Research suggests no single food can protect you from cancer, but a diet filled with vegetables, fruits, whole grains and beans helps lower the risk for many cancers. Dr. Roderick Dashwood is looking to reproduce the best parts of what we eat to stop cancer and other diseases before they even start.
The Texas A&M Health Science Center School of Public Health and Texas A&M AgriLife Extension Service have produced the Going for the Gold: Achieving CEO Cancer Gold Standard™ Accreditation Guidebook to help organizations seek accreditation and reduce the risk of cancer for their employees and families.
Colorectal cancer – or cancer of the large intestine – is the second leading cause of cancer-related deaths for both men and women in the United States. However, it is also considered one of the most preventable cancers. With regular screenings, polyps – or unwanted growths in the colon – can be detected and removed.
A study led by the Texas A&M Health Science Center School of Public Health has the potential to significantly improve the ways that state cancer control programs are developed and implemented around the country.
Broccoli is frequently touted as a food that can help prevent cancer, but could it also be used to treat it? According to research conducted by a faculty member at the Texas A&M Health Science Center Institute of Biosciences and Technology (IBT) in Houston, the answer is yes.
A multi-year tobacco cessation curriculum means dental students gain knowledge in behavioral intervention, the use of pharmacotherapy and motivational interviewing. This promotes the confidence for them to actively motivate and assist patients who want to quit tobacco use.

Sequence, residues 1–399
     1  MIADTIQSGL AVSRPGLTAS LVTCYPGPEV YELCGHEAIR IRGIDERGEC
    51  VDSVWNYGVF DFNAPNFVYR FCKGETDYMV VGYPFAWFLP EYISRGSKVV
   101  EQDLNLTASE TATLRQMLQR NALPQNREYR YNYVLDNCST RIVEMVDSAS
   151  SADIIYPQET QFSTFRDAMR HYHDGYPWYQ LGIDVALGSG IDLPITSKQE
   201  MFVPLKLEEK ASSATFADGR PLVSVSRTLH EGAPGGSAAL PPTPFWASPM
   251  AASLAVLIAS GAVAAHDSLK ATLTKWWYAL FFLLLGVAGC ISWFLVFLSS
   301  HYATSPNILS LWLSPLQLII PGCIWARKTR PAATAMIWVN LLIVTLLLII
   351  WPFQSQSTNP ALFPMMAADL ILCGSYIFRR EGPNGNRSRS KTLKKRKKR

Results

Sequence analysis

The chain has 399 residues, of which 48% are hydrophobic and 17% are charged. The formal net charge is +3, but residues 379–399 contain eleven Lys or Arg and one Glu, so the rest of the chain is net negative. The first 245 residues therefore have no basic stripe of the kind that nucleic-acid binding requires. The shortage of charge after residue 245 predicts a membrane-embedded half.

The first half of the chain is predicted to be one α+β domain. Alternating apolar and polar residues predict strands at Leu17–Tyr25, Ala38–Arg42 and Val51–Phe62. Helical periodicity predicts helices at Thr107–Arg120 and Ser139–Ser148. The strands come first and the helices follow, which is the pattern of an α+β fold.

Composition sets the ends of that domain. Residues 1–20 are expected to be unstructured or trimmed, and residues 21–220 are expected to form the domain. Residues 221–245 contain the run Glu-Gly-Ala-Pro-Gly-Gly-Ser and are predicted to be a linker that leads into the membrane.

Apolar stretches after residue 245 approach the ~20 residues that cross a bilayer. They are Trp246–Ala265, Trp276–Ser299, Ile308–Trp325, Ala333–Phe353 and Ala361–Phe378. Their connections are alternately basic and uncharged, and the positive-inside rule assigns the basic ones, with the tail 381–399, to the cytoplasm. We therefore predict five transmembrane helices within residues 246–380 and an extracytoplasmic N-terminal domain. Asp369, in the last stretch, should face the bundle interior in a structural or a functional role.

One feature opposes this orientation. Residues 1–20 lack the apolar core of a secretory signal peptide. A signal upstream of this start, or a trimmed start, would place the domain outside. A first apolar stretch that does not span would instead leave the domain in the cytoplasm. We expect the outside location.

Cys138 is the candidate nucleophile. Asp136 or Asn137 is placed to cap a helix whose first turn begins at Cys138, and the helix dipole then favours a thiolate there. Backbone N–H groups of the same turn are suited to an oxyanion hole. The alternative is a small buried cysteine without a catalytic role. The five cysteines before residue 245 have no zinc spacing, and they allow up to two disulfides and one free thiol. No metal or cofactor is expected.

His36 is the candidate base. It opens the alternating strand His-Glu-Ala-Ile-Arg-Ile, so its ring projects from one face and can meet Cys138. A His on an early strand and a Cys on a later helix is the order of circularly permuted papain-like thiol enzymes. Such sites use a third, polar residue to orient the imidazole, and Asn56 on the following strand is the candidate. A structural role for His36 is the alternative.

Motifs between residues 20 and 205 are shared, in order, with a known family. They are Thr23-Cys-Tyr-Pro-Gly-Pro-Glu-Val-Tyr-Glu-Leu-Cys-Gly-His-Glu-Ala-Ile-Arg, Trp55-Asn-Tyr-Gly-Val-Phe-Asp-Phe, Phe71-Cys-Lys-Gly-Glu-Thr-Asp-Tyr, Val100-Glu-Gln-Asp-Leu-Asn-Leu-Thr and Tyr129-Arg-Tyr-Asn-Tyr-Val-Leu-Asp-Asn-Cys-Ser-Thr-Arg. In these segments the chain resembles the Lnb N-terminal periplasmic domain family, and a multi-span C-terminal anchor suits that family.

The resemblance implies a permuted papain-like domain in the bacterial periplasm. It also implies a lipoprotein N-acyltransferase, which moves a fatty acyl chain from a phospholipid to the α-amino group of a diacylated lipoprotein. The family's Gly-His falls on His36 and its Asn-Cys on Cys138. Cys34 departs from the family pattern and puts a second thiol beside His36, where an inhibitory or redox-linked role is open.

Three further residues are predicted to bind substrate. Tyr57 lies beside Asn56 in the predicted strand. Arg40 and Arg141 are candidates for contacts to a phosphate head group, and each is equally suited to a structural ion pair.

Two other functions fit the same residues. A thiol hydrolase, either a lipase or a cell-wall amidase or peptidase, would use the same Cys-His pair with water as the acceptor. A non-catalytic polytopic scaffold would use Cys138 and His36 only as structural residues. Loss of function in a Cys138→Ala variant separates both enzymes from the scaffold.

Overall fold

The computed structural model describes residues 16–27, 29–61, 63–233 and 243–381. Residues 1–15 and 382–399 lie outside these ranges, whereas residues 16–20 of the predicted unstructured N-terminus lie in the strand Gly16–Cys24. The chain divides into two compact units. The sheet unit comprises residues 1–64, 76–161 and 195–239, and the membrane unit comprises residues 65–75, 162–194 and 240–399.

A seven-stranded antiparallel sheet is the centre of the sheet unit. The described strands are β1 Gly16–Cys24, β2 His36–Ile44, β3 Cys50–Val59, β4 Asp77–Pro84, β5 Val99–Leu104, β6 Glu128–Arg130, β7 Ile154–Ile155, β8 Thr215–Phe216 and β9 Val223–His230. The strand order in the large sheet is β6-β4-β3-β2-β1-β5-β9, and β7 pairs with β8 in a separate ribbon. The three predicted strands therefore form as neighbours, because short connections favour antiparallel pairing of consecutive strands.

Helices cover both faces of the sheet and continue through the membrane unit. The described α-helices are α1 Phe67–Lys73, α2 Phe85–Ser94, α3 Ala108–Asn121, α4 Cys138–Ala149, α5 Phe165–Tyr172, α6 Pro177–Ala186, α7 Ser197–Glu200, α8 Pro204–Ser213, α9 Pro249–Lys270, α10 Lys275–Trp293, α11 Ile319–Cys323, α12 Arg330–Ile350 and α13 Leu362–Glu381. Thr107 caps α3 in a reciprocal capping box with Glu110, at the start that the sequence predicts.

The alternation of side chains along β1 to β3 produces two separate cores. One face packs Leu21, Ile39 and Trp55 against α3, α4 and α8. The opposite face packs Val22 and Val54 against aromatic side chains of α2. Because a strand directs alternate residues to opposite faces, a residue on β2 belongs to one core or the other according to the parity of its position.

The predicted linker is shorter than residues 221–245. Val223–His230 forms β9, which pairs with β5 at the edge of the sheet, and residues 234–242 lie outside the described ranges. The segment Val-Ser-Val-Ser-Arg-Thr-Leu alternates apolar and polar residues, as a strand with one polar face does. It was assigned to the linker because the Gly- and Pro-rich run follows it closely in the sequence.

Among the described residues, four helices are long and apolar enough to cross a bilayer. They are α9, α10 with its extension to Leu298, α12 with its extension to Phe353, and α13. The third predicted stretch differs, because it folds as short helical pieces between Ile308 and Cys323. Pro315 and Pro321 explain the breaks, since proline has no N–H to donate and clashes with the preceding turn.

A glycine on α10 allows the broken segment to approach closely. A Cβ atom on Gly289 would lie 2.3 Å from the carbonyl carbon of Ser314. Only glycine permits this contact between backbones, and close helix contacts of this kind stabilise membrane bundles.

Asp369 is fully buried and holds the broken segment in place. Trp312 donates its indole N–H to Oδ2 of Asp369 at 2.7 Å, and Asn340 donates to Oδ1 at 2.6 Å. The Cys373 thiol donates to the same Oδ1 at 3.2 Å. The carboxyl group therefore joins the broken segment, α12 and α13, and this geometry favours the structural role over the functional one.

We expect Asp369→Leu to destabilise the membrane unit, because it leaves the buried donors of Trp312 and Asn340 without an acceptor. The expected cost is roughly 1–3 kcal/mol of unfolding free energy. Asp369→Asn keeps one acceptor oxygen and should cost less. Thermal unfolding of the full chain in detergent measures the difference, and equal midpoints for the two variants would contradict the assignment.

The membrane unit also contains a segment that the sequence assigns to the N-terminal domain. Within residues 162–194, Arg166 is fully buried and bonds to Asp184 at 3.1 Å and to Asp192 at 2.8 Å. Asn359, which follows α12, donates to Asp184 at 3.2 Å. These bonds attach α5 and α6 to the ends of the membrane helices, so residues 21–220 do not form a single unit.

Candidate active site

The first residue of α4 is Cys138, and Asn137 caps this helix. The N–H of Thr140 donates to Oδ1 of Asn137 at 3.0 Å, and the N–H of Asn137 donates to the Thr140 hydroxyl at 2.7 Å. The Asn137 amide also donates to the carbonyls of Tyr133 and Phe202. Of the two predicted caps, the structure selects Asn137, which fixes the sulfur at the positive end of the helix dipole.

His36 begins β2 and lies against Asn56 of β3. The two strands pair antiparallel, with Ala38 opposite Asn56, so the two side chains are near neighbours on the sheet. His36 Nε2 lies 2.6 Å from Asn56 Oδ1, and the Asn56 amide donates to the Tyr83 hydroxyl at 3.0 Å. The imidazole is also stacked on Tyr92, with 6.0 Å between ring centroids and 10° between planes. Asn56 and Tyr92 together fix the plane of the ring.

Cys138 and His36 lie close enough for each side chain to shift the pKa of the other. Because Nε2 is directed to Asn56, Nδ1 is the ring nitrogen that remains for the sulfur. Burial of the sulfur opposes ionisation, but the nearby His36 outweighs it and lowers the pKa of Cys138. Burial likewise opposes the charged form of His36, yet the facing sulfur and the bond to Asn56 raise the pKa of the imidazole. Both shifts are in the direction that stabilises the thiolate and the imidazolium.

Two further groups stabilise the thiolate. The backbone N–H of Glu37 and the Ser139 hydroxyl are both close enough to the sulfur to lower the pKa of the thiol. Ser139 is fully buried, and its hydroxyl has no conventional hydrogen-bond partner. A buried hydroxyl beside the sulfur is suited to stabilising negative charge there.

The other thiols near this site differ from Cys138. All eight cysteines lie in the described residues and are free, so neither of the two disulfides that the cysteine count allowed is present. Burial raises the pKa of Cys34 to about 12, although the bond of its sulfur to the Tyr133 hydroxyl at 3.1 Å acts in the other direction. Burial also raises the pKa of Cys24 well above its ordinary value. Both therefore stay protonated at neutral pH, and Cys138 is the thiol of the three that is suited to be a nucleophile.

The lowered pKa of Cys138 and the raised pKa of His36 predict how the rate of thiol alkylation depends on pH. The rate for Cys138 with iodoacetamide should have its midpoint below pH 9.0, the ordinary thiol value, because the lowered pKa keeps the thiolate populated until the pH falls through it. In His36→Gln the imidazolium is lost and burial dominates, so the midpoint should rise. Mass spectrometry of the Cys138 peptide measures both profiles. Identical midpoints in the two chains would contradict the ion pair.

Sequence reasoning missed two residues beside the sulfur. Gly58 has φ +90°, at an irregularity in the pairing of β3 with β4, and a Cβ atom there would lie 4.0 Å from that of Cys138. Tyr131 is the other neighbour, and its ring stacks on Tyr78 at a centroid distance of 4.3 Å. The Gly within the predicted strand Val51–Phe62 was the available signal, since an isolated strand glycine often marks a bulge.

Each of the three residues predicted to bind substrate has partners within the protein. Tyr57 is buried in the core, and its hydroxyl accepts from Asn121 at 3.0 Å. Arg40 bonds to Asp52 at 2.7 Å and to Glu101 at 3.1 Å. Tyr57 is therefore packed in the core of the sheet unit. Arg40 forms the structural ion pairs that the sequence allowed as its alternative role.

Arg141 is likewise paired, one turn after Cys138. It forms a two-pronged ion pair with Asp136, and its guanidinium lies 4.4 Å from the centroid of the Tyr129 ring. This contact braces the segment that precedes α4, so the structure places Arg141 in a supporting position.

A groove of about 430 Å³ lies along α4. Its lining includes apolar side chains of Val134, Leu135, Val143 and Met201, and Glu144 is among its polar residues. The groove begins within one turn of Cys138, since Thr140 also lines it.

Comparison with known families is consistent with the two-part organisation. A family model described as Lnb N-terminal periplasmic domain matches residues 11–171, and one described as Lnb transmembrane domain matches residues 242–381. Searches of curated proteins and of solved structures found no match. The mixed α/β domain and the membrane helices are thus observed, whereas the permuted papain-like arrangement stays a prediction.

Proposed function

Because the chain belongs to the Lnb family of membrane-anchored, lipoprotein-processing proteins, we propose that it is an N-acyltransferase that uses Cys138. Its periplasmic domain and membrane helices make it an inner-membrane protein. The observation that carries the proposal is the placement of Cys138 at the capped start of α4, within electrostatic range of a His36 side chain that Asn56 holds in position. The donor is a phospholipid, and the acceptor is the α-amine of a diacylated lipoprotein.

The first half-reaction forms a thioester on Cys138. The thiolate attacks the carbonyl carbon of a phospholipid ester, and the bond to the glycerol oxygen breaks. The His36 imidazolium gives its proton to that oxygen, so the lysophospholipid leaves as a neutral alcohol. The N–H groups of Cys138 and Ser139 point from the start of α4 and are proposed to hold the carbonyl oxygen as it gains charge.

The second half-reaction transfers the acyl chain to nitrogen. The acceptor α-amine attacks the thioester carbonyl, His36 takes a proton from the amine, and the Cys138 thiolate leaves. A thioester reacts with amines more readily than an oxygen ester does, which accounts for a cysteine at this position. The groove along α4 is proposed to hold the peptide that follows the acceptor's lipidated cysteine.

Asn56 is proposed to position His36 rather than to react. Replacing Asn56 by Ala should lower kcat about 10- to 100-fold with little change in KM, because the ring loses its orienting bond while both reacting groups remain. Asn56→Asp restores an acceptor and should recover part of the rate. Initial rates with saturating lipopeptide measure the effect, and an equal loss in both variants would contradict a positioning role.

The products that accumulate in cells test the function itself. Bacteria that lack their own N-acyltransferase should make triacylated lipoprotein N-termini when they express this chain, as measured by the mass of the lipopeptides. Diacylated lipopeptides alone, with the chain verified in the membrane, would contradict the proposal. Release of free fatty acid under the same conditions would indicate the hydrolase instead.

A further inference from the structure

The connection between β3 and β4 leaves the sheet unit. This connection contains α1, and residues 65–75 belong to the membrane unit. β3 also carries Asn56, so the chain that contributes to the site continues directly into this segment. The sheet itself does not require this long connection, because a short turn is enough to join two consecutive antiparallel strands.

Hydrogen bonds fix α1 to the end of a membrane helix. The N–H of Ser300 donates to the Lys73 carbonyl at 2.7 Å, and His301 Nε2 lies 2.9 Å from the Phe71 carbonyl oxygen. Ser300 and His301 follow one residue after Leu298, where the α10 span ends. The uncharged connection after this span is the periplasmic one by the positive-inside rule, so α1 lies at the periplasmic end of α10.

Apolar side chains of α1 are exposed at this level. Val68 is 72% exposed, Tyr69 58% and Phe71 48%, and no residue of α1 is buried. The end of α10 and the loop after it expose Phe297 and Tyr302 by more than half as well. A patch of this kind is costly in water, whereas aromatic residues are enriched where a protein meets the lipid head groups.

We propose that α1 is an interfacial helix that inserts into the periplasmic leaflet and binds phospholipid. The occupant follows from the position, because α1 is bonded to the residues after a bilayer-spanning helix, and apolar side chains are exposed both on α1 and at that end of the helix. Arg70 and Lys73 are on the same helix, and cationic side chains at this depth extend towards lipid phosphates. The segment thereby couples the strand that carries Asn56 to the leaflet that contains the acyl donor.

The sun can cause skin damage in as little as 15 minutes. With skin cancer being the most common form of cancer in the United States, it’s important to know what sunscreen is best for you.
Natalie Johnson, Ph.D., assistant professor with the Texas A&M Health Science Center School of Public Health, recently published findings from a new study using a chemical intervention approach to prevent carcinogen-induced liver cancer.
Marcia G. Ory, Ph.D., M.P.H. recently published an article exploring the use of life-course theory to determine the impact of life experiences on overall health and the role they play in increasing cancer risk.
The National Cancer Institute’s Research to Reality November Cyber-Seminar will include Deborah Vollmer Dahlke, chair of the Cancer Alliance of Texas and doctoral student at the Texas A&M Health Science Center School of Rural Public Health.